The future of harvesting patient generated health data

The trickiest part is getting people to keep using the devices, even six months is a challenge.
By Laura Lovett
03:32 PM
patient generated health data

As remote monitoring becomes more and more popular providers are starting discussions about how to harvest and use the incoming data. But a serious challenge lies in how to synthesize data coming in from different sources. People have preferences — you might even go so far as to say there are “Fitbit people” and “Apple Watch people.”

“What we are trying to do with these devices is collect non-episodic data. Apple watches, Fitbits, all of these devices capture it for you now,” said Ajay Mittal, associate director of IT at the American College of Cardiology. “Our top process was to harness this data that people are already using to support better outcomes.”

Mittal and the team at ACC ran a pilot study aimed at integrating non-episodic data, or data that wasn’t collected at a doctor’s appointment, into the providers system. The team then looked at whether these data points could help improve long-term outcomes.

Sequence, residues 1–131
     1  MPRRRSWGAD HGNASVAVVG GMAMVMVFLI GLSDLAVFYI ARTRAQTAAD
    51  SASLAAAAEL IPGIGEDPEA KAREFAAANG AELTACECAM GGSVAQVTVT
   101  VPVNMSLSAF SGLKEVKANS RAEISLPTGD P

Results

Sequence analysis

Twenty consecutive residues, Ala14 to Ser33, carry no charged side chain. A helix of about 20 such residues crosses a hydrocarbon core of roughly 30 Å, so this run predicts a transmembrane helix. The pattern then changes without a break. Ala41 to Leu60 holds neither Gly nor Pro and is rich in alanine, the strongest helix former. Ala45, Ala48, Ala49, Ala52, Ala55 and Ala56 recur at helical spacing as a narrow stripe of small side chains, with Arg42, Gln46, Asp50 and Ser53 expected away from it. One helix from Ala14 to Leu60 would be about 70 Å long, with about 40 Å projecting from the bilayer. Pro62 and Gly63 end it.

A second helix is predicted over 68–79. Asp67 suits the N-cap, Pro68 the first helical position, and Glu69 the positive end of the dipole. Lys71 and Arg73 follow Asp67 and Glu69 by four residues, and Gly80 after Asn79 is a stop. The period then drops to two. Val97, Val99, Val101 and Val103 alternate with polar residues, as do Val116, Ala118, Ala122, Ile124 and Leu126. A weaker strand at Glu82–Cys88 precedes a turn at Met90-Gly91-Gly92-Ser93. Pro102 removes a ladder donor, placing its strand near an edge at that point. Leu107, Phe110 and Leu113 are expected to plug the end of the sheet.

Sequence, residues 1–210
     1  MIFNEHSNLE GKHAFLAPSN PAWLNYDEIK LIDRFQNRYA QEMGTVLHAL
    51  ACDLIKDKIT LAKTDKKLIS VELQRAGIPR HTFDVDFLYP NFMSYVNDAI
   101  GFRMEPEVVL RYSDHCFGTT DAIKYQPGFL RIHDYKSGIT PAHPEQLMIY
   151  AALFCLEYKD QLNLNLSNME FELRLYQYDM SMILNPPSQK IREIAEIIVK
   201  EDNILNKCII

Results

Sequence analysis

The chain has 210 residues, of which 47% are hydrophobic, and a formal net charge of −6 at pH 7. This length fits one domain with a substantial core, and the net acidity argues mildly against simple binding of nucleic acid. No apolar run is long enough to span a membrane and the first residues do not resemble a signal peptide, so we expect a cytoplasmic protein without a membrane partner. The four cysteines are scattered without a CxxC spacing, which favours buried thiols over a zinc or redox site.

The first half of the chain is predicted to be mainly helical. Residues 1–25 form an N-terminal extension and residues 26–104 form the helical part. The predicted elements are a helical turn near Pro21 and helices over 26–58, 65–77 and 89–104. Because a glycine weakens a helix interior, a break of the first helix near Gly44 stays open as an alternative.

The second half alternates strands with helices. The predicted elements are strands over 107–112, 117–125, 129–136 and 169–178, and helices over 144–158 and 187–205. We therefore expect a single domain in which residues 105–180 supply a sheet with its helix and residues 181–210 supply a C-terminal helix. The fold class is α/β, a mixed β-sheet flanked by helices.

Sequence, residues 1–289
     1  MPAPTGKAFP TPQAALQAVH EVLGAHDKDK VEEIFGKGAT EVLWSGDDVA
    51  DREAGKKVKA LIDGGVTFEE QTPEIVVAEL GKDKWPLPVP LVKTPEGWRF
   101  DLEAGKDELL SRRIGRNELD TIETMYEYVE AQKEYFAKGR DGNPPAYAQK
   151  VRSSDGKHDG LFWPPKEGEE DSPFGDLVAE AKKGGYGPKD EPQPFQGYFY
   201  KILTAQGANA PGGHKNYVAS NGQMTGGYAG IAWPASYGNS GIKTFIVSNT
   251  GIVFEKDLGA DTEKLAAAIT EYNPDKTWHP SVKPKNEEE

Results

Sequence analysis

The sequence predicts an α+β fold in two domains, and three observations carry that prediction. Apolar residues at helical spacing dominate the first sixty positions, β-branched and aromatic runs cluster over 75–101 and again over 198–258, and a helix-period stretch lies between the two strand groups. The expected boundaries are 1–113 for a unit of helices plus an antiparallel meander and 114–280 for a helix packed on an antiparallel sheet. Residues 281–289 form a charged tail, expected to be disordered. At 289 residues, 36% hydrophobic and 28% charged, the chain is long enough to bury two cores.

The pilot included ACC employees. Each of the participants could choose from four different wearable devices. Fitbit was the most popular. Participants could go into the system and register their devices. The data on their activity was stored in a secure vendor portal while the pilot lasted for a total six months. 

One of the struggles researchers found was that during this six-month period some participants stopped using the wearables. 

“Some people were turning off their devices. Why? There is no way for us to find out. 

It was somewhat sporadic,” Mittal said. “But where we did get the data it was pretty good.”

Mittal said the team was able to integrate all of the systems. In the end, Mittal and his team found out that one of the biggest challenges to harvesting data from patients remotely wasn’t the technology but the legal matters. 

“When people go to the doctor they have their blood test, cholesterol check and so forth,” Mittal said. “But people only see a physician every six to 12 months.”

And that is exactly why these non-episodic data points could be insights into patients’ overall health in the future. 

Mittal will be speaking in the session, “Harvesting Wearable Device Data,” at 11:30 a.m. March 8 in the Venetian, Palazzo B.

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Twitter: @lauralovett7
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